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Solution to disparity

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Urban DevelopmentGovernance

Do we need new states?

The more long-lasting solution to regional and intra-state disparities is to create viable proposals for reducing them within the existing framework of governance rather than create new political entities. Unless there is substantially better governance, there is no guarantee that a new political entity will lead to better economic performance.

Interesting to find this analysis today. I dont see more states as the solution. So, that throws up the larger question I was discussing with some praje on a dry, soda filled, friday night. Is the unitary state outlived its utility? Will a federation structure work for a diverse country like India?

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idontspam's picture

Start me up

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As an alternate to a federal structure one could also look at reorganizing the union & concurrent lists. Is there too much in the hands of the union? I cant understand why traffic fines for Bangalore need to be set by the center? I also dont see why IR cant allow states to lay their own lines? Things like this need to be sorted out.

Income tax itself needs to be split into center & state tax and paid seperately. This will incentivise the states to create jobs. Reliance of the state on property tax leads to unhealthy encouragement of real estate development whether or not they translate into jobs.

Naveen's picture

Closed Loop generally works better

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I agree with the author - no point in bi-furcating or tri-furcating states when there are no guarantees that it will lead to better performance.

Further to our discussion yesterday, a few thoughts....

Briefly, if states were mandated to collect all taxes from within their areas, including income-tax, sales tax, central excise, commercial taxes, etc. & share such collections with the central govt on say, a 60-40 basis, as also budget for expenditures in the same ratio (viz. 60-40), this alone would lead to much better performance as follows :

1) States will have incentives to improve tax collections since they benefit if the collection is larger, thus there would be better efforts followed by much higher collections.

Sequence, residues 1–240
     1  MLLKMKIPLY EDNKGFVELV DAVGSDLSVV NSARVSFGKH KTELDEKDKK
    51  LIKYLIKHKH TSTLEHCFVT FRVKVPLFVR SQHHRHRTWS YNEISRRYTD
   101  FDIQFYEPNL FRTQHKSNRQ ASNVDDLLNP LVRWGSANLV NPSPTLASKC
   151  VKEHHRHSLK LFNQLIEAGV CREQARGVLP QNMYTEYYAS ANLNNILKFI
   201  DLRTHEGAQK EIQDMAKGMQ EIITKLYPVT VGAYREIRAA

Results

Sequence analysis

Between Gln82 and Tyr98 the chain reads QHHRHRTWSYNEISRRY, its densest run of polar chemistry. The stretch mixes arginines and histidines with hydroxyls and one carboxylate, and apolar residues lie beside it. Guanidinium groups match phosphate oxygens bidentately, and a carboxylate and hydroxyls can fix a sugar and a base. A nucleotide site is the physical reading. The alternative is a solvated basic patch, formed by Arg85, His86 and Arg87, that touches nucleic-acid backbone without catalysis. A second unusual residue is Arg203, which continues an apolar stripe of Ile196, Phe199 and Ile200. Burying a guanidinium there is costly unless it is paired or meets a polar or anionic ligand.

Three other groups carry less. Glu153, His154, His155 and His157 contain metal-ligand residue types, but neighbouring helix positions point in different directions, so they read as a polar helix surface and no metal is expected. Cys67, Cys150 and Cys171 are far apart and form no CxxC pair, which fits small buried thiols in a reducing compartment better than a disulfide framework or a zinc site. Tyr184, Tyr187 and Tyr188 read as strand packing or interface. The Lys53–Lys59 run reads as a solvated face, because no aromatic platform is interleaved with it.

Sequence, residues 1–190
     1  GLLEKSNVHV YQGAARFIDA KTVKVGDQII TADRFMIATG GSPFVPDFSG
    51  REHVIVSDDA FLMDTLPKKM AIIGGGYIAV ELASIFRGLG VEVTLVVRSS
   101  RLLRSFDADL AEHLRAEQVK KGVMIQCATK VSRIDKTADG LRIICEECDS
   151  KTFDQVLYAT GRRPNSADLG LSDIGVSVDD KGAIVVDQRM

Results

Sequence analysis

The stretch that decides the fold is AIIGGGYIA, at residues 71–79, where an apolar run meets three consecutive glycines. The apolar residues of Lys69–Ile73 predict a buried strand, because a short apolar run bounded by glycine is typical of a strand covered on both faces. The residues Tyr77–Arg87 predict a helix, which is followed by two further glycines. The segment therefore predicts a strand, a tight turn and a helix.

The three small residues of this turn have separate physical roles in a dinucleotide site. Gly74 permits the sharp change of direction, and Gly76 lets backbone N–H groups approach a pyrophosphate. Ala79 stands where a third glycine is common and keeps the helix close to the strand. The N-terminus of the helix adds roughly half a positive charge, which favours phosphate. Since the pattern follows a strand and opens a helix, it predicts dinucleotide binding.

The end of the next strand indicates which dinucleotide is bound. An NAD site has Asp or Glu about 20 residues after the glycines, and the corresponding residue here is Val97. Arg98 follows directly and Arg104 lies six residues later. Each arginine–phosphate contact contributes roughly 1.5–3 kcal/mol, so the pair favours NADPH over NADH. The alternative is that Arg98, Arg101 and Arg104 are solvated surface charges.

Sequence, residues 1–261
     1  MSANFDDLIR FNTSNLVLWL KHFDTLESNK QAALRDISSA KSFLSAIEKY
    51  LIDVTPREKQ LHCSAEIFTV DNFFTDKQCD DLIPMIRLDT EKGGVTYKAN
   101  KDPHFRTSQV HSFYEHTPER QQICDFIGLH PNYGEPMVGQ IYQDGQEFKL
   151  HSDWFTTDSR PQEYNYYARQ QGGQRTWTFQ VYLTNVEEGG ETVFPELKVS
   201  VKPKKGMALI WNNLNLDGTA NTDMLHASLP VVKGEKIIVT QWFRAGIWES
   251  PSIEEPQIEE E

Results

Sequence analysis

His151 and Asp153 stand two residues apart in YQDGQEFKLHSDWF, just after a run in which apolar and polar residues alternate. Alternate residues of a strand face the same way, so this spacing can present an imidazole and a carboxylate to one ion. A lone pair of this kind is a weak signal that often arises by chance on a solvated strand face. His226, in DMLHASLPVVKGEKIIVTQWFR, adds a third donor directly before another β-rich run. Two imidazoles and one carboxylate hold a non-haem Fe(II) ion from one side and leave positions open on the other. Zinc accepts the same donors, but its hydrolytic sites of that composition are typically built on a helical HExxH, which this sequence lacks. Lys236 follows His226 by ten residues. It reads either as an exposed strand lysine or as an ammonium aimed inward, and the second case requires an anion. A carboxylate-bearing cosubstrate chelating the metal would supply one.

2) Budget allocations under various heads will be dependent on priorities as decided by the concerned state & not based on a centrally administered budget, in most cases.
3) There is greater chance for better checks on corruption since the state becomes more directly responsible for collections, especially with reference to income-tax, which is being dodged by a staggeringly huge mass of people.
4) Competition between states will also help push efforts to collect more income tax from all those that fall under the net, but do not pay up.
5) No mutterings such as "Maharashtra contributes so much but gets so little".

The idea is to employ a closed loop within each state, as much as possible & escape the centrally administered budget funding & the inherent biases & inefficiencies based mostly on party considerations & political compulsions that have notoriously been plaguing the country & retarding it's progress. There will thus be "rich" states & "poor" states, & the rich states will be able to better address their priorities directly, whilst the poor states will aspire to improve & get on par with other rich states - a healthy economic competition will brew up, instead of state heads & party leaders making numerous trips to Delhi to get something sanctioned, which again depends on the central govt's own political compulsions.

Exceptions will of course be :
1) Poverty elimination programs where some states will be much more dependent on central assistance than others, based on human development & financial health of individual states.
2) Defense budgeting.
3) Foreign affairs.
4) Calamities funds.

Though railways & other national services such as highways, ports & harbors need to be administered centrally, development would take place based on state contributions also & budget sharing, thus, it would depend on what the state wants & not based on central govts own priorities.

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